With Heyman gone and Pritchard - a man who knows what his boss likes and doesn’t often deviate from McMahon’s ideas - has reverted to type. The younger performers are no longer at the top of the card. Within six hours of processing, it’s clear that veteran wrestlers are once again going to be used as feature attractions. Giant wrestler the Big Show, now almost 50, is back on television. Dolph Ziggler, a tenured WWE veteran of more than a decade, is back in the championship picture. A battle between 40-year-old Randy Orton and 46-year-old Edge has been positioned as the RAW brand’s major storyline. That pushes the story between Seth Rollins and 45-year-old Rey Mysterio into second place. The focus on names on the past is so intense that 46-year-old Christian recently teased coming back for one last match, only to immediately be turned upon by 71-year-old Ric Flair.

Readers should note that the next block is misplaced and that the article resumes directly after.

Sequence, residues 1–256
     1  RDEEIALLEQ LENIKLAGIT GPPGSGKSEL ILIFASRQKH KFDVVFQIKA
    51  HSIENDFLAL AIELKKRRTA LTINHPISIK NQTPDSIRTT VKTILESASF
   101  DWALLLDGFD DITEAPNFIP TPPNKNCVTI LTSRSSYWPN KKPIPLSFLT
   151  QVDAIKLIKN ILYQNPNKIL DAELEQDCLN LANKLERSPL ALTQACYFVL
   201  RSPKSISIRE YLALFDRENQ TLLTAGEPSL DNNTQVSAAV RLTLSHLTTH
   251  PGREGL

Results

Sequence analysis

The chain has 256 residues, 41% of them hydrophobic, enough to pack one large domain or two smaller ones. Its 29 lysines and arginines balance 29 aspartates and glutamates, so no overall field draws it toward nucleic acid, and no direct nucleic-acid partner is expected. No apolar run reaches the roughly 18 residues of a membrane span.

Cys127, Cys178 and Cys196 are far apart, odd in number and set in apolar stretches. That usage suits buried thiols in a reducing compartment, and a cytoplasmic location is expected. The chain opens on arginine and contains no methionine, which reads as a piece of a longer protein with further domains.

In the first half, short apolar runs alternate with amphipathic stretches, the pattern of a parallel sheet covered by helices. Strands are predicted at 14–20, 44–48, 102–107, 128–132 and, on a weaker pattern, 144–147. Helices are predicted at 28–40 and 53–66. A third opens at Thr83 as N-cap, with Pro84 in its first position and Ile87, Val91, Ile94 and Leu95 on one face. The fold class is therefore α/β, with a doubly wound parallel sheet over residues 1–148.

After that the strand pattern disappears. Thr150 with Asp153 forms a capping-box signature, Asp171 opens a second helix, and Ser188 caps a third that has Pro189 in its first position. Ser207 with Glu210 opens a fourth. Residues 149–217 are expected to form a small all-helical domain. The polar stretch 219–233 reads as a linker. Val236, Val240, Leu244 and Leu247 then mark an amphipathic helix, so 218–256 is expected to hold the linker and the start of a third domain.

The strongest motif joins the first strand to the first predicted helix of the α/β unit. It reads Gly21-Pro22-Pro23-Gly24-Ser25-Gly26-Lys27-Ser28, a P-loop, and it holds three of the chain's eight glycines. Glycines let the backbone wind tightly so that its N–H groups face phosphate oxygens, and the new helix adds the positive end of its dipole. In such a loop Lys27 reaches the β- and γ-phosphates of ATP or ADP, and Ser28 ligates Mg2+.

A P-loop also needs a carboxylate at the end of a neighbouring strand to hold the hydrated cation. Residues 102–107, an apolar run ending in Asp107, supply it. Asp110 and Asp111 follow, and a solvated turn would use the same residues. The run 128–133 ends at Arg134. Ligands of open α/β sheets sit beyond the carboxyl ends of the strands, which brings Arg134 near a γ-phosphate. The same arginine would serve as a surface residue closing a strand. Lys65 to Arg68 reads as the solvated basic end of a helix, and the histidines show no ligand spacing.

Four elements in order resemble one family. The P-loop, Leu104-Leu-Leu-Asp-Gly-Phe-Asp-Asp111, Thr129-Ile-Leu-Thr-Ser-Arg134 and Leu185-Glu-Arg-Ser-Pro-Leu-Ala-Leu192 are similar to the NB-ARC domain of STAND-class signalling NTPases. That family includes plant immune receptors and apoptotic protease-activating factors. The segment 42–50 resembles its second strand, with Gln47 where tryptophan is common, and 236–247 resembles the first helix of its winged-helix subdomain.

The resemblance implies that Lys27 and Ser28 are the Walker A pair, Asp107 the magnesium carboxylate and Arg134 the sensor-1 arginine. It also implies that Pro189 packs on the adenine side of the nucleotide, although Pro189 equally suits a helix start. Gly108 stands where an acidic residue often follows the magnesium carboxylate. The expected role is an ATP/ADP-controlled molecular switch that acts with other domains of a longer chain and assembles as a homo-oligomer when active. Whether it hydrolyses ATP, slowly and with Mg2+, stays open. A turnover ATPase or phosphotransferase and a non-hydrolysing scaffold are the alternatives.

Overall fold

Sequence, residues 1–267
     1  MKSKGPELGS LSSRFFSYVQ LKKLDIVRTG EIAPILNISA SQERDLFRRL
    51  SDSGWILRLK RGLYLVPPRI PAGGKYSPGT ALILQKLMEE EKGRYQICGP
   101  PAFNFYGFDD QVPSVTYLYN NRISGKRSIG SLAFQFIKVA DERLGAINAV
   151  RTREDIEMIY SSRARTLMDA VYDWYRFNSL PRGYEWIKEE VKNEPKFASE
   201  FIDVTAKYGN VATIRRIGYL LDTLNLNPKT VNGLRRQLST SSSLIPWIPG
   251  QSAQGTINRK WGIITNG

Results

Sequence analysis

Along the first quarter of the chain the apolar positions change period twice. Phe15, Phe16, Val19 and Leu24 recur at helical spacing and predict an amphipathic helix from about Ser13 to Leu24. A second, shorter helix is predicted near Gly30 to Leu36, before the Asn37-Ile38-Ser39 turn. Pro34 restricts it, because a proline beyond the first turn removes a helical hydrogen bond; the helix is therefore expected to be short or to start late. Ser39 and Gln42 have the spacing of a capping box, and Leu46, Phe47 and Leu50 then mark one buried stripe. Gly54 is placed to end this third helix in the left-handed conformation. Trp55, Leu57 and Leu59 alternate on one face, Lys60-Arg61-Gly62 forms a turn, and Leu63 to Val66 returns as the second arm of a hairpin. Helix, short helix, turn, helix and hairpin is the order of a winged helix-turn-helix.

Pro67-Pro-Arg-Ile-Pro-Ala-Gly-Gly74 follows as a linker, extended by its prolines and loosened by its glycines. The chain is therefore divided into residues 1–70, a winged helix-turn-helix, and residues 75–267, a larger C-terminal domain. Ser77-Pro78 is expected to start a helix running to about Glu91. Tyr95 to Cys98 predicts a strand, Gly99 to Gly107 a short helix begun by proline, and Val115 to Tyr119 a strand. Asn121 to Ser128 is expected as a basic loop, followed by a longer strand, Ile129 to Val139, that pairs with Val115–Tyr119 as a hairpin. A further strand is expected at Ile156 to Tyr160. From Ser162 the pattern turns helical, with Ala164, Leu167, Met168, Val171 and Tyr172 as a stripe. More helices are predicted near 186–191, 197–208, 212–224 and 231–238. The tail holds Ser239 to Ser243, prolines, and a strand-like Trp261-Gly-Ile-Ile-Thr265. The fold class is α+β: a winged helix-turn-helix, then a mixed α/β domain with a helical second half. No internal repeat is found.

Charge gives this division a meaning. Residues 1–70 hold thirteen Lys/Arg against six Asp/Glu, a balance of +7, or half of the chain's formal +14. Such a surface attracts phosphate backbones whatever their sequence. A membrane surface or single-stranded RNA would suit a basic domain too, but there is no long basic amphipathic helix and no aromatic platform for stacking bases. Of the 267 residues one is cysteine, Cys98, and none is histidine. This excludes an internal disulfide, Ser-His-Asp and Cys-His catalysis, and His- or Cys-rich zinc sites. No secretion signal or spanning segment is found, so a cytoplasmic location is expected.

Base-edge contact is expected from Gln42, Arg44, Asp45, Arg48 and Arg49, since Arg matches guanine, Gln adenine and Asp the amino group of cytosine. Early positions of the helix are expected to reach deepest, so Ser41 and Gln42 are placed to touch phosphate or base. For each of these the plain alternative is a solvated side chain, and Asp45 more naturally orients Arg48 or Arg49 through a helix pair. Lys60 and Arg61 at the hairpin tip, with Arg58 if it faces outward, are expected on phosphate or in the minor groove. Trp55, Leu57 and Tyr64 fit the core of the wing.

Falling back on veterans is nothing new for WWE. It’s what the company has been doing for years. Every time WrestleMania rolls around, a veteran wrestler usually comes out of the woodwork for a spotlight match at the biggest show of the year. It’s when Undertaker, well into his 50s, tends to put his boots back on. Shane McMahon, also 50, tends to have a prominent match. Triple H, another member of the fifty-plus-club, usually has a WrestleMania match as well. Goldberg and Brock Lesnar will make an appearance. All of these names take up space on the card, and younger, hungrier wrestlers are left to either perform in prelim matches or miss out on the show entirely. The company then wonders why it’s struggling to create new stars. The process is entirely self-defeating, and is part of the reason why CM Punk, wrestling’s most recent genuine breakout star, quit the company in 2014 and never came back.